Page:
It was an awesome weekend. We look forward to St. George’s Day, May 1st, again at St. Mary’s, hosted by the League. .This will then be followed on the same weekend by the KJV’s 400th birthday– May 2-3rd–as Anglicans our only approved bible outside the Bishop’s“Remember!”

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Prayers for my Father

January 29, 2011 at 5:41 am (Genealogy/Family)


Together Sunday Morning

The Bartlett family owes enormous thanks to all friends and family who gave prayer on behalf to my dad, James Bartlett, unto our Almighty Heavenly Father for his physical recovery. On August 2nd, 2010– two weeks before my marriage with Amanda Kruse– my dad fell down and broke his neck during midnight while at home. His neck snapped in two places along the topmost vertebrates. The fractures were not hairline, and very serious. The doctors in ICU called it a ‘hangman fracture’, meaning that normally this kind of fracture severs the spinal cord, killing a person instantly. In the emergency room my father then aspirated blood and vomit, and consequently he was intubated for burnt lungs. The intubation machine was an external lung, used to prevent suffocation and stave pneumonia. However, the machine posed a huge infection risk, and the longer a patient stayed on it, the greater chance they might die from secondary factors. At this point the doctors and staff began pushing us toward ‘pulling the plug’. But we demanded full-code. At the end of the first week, the doctors began talking about weaning him off the lung. On the third wean my father resumed normal breathing but was very weak. He also failed his swallow test, and so a g-tube was inserted into his belly for fluid eating. As he left ICU for acute care, the doctors next pushed hospice care which basically amounted to starving our dad to death. We were insistently against such. After five days of dramatic improvement Jim left for post-acute care in Hayward, and, three more months down the road– after two more bouts of pneumonia (one of which was septic)–  he was walking again, communicating with friends, and his neck was totally healed.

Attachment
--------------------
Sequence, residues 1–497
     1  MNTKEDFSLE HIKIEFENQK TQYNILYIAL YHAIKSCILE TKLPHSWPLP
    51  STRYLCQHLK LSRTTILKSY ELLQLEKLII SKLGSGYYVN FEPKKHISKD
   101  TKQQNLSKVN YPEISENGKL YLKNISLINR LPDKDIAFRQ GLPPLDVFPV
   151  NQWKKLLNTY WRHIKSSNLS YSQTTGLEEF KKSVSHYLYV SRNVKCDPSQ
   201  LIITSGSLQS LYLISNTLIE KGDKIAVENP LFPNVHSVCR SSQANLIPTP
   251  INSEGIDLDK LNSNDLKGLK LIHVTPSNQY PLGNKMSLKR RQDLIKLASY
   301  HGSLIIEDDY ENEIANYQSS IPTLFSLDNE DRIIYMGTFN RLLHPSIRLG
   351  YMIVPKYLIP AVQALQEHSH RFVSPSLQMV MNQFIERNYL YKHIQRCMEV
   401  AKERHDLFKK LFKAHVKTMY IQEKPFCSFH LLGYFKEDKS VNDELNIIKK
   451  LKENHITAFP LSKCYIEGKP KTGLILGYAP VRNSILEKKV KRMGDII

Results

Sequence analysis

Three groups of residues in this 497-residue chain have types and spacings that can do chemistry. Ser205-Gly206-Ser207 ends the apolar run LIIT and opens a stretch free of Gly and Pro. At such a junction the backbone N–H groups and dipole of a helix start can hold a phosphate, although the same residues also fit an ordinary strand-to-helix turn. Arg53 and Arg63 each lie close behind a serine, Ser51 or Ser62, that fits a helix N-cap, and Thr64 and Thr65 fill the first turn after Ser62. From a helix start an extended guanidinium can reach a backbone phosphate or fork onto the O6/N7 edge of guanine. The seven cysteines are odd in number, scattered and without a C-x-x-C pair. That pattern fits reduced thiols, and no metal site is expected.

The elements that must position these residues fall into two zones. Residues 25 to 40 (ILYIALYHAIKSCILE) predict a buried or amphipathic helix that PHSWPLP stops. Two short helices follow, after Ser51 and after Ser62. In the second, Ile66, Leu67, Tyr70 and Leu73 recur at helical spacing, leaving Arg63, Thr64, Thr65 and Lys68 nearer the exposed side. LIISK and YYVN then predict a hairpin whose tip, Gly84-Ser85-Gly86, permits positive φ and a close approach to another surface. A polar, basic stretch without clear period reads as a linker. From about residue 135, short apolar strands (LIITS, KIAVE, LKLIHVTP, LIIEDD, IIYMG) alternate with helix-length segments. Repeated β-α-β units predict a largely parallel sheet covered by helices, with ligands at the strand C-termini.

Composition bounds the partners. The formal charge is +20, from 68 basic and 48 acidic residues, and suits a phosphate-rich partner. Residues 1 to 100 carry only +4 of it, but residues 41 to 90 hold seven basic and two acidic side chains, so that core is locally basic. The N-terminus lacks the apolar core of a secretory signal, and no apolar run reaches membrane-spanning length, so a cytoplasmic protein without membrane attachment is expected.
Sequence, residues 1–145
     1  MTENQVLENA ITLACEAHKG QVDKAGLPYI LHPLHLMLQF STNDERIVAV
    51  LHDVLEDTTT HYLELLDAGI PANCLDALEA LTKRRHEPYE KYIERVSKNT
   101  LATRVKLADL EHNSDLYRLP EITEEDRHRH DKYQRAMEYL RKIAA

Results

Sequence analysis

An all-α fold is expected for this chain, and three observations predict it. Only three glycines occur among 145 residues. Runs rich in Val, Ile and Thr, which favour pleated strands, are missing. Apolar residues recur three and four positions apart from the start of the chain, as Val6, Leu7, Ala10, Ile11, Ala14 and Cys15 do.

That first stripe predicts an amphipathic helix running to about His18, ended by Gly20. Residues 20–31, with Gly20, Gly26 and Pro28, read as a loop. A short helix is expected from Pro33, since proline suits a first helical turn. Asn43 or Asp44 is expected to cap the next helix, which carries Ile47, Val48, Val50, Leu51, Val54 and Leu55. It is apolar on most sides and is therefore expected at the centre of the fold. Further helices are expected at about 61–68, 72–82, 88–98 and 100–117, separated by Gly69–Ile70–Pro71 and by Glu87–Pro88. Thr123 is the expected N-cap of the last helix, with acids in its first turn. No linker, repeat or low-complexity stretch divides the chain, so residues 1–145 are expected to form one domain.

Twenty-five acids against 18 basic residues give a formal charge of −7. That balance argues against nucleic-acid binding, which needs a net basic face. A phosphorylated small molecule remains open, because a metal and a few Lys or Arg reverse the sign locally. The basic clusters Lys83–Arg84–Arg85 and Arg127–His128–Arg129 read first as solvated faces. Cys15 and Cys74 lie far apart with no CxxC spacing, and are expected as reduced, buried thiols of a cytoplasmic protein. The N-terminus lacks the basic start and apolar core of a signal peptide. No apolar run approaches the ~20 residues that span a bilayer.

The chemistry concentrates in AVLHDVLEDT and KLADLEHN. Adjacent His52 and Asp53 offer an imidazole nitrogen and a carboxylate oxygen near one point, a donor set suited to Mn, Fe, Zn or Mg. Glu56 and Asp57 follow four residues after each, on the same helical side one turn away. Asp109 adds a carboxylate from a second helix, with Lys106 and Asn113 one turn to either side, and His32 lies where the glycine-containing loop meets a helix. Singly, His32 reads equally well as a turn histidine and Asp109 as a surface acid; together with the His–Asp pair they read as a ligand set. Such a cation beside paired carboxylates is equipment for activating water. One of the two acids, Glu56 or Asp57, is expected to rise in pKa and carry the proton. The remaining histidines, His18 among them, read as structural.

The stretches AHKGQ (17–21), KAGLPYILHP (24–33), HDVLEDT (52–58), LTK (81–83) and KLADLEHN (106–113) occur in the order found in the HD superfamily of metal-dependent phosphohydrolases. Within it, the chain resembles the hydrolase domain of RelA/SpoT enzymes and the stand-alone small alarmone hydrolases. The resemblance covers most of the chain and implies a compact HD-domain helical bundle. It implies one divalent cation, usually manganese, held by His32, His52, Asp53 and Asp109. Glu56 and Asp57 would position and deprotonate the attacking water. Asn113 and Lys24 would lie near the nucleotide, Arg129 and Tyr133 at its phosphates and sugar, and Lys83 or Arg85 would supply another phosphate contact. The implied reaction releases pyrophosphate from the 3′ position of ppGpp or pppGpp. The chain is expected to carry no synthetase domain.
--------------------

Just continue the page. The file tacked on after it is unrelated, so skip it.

Dad and Mom

There were some amazing lessons the Lord taught us. First, our family had to stick together to save our Father’s life. The health establishment is not particularly friendly to old folks. They often underestimate their elderly patients and prefer euthanasia over difficult treatment. Elderly often cannot communicate for themselves and consequently rely on loved ones for health care advocacy. When families are frightened by worst case scenarios, they often fight amongst themselves and make panicky decisions, leaving medical care to indifferent yet seemingly “objective” third parties.  The episode certainly made us wiser about the medical establishment, but it also gave us a deeper value for “life” itself. Our father knows who is his family, and he knows what is love and comfort. We could not abandon him to a cold logic or statistical odds. Second, though my family is not especially religious, it was a trial that definitely brought us closer to God by prayer. Prayer was especially given during the darkest moments, and it was wonderful to pray as a family. Our prayers also included the hope that my dad might come back to church for worship. This seemed like an impossibility at the time, but I believe the Lord graciously answered it.

St. Luke's Chapel

My father is 94 yrs old. He served his country in WWII as a major in the navy, worked postwar as an accountant, and built a number of pre-schools for the Head Start program before his retirement at 75. He was a good father, an educated man, and planned not only for his own estate and wellbeing but also for his family’s.  Jim was baptized a methodist, and during his earlier years he did much for the methodist church. I’ve been taking my father to chapel every Sunday since his healing. He has moderate alzheimer’s and poor hearing, but he responds well to Christian art and iconography moreso than preaching. Yet you can never be certain what old folks grasp or pick up. James still needs a miracle to recover his normal eating. Right now he receives food by g-tube until his swallow returns. Please keep his lost swallow in prayer. We owe much thanks to those angels and saints in the church who prayed for our dad.  We know there were a league of you! These prayers brought him to a near-total recovery! We figure the Lord gave us our Dad back so he might meet his new daughter-in-law, my wife Amanda, as well as some time to live on this earth to see future grandchildren.